“No earthly father loves like Thee,
No mother e’er so mild
Bears and forbears as Thou hast done
With me, Thy sinful child.”
One of the most wonderful of all the descriptions of God is as our Father. Christ Himself taught us this in the Sermon on the Mount in Matthew 5. “Let your light shine before men, that they may see your good works, and glorify your FATHER which is in heaven.” (Matthew 5:16)
“But I say unto you, Love your enemies, bless them that curse you, do good to them that hate you, and pray for them which despitefully use you, and persecute you; that ye may be the children of your Father which is in heaven…” (Matthew 5:44,45)
“When you pray, enter into thy closet, and when thou hast shut thy door, pray to thy Father which is in secret; and thy Father which seeth in secret shall reward thee openly.” (Matthew 6:6) Jesus is teaching about prayer. The first thing in prayer is to meet the Father. The light that shines on us in prayer is the light of the Father’s countenance. In the place of prayer we see His Father-love and can respond to Him with simple, child-like trust. Jesus teaches us that when we seek to wait upon God alone, the Father will reveal Himself to us.
“But when ye pray, use not vain repetitions, as the heathen do: for they think that they shall be heard for their much speaking. Be not ye therefore like unto them: for your Father knoweth what things ye have need of, before ye ask him.” (Matthew 6:8) The Father knows what we need and we do not have to compel Him to listen to us with many words. The Father sees us, He knows and He hears.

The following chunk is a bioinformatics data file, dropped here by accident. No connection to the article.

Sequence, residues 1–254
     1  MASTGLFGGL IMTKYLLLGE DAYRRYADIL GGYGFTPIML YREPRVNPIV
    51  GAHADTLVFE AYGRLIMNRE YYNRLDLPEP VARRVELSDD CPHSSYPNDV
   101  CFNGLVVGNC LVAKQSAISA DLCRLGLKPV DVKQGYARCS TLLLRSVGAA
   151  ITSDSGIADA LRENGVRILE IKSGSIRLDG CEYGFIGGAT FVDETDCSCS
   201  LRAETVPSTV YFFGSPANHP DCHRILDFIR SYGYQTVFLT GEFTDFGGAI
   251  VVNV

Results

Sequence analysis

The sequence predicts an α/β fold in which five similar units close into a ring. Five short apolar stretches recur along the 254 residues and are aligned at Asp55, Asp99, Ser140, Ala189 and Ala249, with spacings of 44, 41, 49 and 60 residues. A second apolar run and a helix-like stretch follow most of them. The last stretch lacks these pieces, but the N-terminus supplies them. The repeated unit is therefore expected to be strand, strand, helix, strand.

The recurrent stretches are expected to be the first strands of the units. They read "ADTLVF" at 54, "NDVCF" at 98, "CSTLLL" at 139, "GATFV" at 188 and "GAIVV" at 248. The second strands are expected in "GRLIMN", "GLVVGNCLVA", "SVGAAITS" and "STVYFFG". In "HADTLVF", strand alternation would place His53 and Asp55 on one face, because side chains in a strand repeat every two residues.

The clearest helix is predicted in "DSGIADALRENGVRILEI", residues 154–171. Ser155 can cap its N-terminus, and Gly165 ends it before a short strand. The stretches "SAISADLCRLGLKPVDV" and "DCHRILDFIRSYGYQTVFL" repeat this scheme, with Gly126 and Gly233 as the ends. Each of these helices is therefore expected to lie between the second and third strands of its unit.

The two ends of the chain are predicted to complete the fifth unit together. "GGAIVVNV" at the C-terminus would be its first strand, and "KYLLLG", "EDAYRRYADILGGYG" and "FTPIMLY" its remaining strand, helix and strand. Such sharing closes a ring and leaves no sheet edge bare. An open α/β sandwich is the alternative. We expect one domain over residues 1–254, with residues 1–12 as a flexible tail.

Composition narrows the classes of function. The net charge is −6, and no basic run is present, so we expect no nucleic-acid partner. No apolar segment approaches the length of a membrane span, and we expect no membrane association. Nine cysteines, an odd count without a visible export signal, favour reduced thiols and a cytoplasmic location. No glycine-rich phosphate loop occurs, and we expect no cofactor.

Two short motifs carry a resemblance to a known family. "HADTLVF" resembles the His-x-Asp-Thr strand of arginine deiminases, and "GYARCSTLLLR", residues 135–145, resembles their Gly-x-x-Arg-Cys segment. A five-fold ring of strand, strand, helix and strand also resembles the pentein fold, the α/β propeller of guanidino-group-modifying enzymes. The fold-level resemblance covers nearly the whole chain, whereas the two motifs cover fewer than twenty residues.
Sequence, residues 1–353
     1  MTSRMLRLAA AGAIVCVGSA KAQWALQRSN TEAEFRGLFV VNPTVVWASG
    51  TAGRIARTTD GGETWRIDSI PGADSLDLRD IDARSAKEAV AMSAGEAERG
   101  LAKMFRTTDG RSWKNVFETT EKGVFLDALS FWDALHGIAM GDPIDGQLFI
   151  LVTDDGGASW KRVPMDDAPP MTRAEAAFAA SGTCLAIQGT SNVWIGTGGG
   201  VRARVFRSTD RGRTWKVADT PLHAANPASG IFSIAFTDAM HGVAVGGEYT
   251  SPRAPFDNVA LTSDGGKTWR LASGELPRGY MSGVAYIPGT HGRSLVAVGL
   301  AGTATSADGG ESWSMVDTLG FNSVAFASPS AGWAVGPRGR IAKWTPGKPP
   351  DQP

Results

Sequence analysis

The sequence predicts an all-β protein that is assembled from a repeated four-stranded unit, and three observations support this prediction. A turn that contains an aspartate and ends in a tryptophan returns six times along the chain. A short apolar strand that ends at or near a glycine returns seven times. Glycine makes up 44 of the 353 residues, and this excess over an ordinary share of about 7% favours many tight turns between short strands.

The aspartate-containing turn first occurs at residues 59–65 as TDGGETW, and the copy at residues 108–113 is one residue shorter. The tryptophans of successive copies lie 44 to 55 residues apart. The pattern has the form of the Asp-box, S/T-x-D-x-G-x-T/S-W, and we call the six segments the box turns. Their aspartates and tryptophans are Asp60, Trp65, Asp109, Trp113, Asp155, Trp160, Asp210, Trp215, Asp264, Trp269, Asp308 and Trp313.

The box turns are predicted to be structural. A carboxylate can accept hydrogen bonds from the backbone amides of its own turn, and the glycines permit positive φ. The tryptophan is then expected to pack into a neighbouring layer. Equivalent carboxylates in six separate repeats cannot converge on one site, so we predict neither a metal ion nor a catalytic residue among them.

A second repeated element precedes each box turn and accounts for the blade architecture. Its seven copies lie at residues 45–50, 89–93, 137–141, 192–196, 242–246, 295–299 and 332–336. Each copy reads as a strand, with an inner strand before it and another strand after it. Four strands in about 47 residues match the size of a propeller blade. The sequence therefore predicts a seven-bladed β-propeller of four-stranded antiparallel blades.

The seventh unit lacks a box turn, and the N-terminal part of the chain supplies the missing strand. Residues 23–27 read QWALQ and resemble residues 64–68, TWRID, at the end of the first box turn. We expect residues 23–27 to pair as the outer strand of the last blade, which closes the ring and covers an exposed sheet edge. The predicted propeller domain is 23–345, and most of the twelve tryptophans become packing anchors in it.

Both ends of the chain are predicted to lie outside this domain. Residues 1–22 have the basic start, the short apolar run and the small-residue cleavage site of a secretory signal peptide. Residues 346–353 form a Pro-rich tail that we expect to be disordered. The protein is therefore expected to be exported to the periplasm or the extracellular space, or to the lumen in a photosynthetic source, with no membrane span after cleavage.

If He sees us, hears us, knows us, and has chosen in His great mercy to bring us near to Himself, then what hinders us from trusting Him to reveal to us the beauty of His Father love? The only reasonable and worthy response of our hearts is to address the Eternal God as our Father, “Our Father, which art in heaven.” (Matthew 6:9)
“Vast Thy love, how deep, how wide,
In the gift of Him who died;
Righteous claims all satisfied,
Father, we adore Thee.”
Is this Father in heaven, this Eternal Father, who spared not His Son to redeem us, not worthy that we should trust Him absolutely to be the Father that He desires? Does such knowledge not call out from our hearts the desire and will to trust Him as His children, in order that we should be all that He would have us be? Oh, may He give us grace to grasp what it truly means for us to say, “OUR Father which art in heaven…,” and what it means to Him to hear our voice. And may we live fully in the reality of such blessing, rejoicing in this relationship which is as unchanging as His heart.